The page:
FOR THE LOVE OF FOOD: Your gut sabotages your diet, how to teach your kids to love veggies, and why exercise leads to weight gain

by | Dec 2, 2016
For the Love of Food

For the Love of Food

Welcome to Friday’s For The Love of Food, Summer Tomato’s weekly link roundup. 

This week how your gut sabotages your diet, how to teach your kids to love veggies, and why exercise leads to weight gain.

Too busy to read them all? Try this awesome free speed reading app to read at 300+ wpm. So neat!

I also share links on Twitter @summertomato and the Summer Tomato Facebook page. I’m very active on all these sites and would love to connect with you.

Links of the week

  • Is nutritious food really pricier, and, if so, is that really the problem? <<One of the better articles I’ve read addressing the cost of healthy eating. It’s really not that much more expensive, and with a little bit of skill it can be cheaper to cook and eat healthy. The bigger issues are skills and preferences, aka habits. (Washington Post)
  • Microbes Might Explain Why Many Diets Backfire <<Interesting new hypothesis on why dieting and rapid weight loss tend to make weight maintenance more difficult. Gut microbes adapt to your new eating habits slower than the weight comes off. (The Atlantic)
  • Should a Simple Fitness Check Be Part of Your Checkup? <<I love this! Finally medicine is realizing the importance of the behaviors that lead to the numbers they care about so much. At the bottom there is a link to a test that can help you measure your own fitness. Apparently I have the fitness of an average 2o year old (I’m 37). (NY Times)
  • French parents know how to teach their kids to love food without overeating <<In the US we focus on self-improvement and restriction. In France they focus on pleasure. French people have way better eating habits. And yet in the US we are SO afraid to make this mindset shift. It’s ridiculous when you think about it. (Quartz)
  • The Thin Gene <<Fascinating explanation of a recently discovered hormone (asprosin) that controls metabolism. Reading this really gives you a sense of how little scientists still know about what influences health and weight control, which is a huge part of why they don’t have answers for you. And everyone is so different. (NY Times)
  • Why Do I Gain Weight When I Exercise? <<There is still a pervasive myth that working out more is a good way to lose weight. While it is one of the best things you can do for your health and is great for body sculpting, working out typically makes you eat more and move less so isn’t a single solution for weigh loss. (NY Times)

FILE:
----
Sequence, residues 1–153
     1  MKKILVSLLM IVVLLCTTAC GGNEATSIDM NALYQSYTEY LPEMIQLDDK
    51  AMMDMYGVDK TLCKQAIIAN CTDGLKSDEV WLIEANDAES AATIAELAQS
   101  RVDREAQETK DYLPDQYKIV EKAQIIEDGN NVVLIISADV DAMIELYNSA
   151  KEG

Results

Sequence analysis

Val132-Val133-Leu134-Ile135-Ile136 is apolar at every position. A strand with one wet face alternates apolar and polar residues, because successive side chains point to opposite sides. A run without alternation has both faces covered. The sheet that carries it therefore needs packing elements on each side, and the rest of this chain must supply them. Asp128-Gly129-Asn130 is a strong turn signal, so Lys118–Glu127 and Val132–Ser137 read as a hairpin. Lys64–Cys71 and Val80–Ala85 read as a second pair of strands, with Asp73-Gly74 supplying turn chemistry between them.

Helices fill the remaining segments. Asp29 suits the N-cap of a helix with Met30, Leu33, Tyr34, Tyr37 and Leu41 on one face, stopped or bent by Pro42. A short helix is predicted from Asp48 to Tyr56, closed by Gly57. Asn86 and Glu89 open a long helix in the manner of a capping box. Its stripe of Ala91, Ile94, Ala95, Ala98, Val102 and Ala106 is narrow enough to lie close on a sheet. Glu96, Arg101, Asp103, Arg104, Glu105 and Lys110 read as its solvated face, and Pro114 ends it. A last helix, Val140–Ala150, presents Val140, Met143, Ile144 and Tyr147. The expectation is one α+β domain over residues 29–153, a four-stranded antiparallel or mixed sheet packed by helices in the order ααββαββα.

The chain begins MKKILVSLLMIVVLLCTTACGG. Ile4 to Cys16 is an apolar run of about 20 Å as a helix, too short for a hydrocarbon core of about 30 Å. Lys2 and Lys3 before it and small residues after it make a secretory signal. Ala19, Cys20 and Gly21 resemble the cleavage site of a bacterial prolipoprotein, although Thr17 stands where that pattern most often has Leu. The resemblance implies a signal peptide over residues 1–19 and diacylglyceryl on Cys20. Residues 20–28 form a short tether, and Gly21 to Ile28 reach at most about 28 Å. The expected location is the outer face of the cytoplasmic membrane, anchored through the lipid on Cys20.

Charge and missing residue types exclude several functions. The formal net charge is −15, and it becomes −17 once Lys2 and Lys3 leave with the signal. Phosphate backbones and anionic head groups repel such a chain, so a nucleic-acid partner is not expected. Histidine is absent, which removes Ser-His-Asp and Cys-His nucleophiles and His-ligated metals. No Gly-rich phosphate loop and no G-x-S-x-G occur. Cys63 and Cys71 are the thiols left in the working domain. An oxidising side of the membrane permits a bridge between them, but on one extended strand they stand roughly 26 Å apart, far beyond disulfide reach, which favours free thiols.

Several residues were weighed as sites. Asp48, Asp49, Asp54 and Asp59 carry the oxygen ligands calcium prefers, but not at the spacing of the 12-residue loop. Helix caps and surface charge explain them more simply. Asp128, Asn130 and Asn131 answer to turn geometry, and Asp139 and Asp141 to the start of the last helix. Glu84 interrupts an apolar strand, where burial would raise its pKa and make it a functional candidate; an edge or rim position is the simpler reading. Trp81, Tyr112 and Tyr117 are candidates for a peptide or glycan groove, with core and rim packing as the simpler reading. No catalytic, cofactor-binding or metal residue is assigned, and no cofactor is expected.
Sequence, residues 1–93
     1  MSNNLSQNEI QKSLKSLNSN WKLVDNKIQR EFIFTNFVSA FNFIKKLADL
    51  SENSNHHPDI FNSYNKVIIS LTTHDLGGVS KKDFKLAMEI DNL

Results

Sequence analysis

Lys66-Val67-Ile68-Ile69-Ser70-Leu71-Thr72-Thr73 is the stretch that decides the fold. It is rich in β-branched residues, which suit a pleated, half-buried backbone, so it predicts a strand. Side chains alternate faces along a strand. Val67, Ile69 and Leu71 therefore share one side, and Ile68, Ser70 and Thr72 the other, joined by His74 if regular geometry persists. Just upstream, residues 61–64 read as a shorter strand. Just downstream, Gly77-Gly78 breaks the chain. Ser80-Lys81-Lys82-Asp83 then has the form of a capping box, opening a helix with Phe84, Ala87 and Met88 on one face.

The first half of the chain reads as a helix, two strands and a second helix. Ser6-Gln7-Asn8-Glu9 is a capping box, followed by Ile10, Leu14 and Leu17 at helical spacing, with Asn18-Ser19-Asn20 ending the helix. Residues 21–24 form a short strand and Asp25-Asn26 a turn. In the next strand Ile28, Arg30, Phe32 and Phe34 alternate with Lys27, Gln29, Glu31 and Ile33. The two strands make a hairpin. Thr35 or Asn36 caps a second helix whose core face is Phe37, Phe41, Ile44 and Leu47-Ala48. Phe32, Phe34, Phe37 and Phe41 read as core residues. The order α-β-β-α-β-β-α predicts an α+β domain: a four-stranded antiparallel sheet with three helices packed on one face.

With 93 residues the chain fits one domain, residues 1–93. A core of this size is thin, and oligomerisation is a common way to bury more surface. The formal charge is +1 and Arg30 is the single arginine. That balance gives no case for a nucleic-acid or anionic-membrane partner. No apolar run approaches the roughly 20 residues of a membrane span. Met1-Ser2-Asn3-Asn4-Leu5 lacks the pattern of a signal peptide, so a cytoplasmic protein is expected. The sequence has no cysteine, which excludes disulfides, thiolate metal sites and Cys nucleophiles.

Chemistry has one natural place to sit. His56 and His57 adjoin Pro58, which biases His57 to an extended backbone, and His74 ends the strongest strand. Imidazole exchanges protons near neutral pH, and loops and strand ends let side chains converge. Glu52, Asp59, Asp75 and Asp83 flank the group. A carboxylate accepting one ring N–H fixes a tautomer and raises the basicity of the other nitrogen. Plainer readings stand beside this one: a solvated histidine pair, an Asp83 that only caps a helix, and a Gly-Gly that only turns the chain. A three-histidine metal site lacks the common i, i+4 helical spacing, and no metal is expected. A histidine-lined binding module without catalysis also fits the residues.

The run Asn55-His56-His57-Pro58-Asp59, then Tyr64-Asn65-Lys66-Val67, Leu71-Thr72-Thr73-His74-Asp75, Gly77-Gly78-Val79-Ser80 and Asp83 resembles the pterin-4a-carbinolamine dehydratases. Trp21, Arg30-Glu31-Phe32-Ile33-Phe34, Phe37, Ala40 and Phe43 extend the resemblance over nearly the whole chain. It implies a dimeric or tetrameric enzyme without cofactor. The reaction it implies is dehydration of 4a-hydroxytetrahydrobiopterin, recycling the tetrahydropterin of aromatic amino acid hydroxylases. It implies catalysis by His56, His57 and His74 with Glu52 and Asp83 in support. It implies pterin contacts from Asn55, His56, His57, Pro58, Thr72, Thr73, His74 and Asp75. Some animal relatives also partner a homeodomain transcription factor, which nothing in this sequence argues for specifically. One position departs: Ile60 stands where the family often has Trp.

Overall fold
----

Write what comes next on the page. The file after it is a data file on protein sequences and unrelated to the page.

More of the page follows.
• No willpower required: Families adopt healthy behaviors through trial and error <<Exactly. (ScienceDaily)
  • Eat your damn pie this Thanksgiving <<Good advice for the entire holiday season. Be realistic, not crazy. (Vox)
  • Actually, Let’s Not Be in the Moment <<While I have a lot of problems with this article, I think the basic idea that you don’t need to spend 100% of your waking hours trying to make yourself a better person is right on. Meditation is practice, not relaxation. And you need time off even from that. You really do. (NY Times)
  • BASICS: EVERYDAY LENTIL SOUP <<Lentil soup is one of my go-to meals in the winter, especially when I have a hodgepodge of food and ingredients left in my fridge. This is a nice basic blueprint, but your soup can be delicious with far fewer ingredients. (Sprouted Kitchen)

What inspired you this week?

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One Response to “FOR THE LOVE OF FOOD: Your gut sabotages your diet, how to teach your kids to love veggies, and why exercise leads to weight gain”

  1. Judith Favia says:

    Regarding the issue of mindfulness, the points raised are really about the kind of pop mindfulness meditation that has become so prevalent. Meditation is not a self help program or a quick fix. It is a disciplined practice for becoming acquainted with your own mind, and establishing space between your thoughts and your actions. That may mean confronting uncomfortable emotions and experiences so it is not just a feel good technique. Better to go have a cocktail if that is your goal. It is also not a substitute for right action on social issues. But it can help children learn to confront and manage their emotions and feel more in control and less anxious. There are many excellent organizations, often Buddhist, but many secular as well who can teach authentic meditation and mindfulness practices. My own organization has information at tergar.org, but the Center of Healthy Minds at U of WI is another option.

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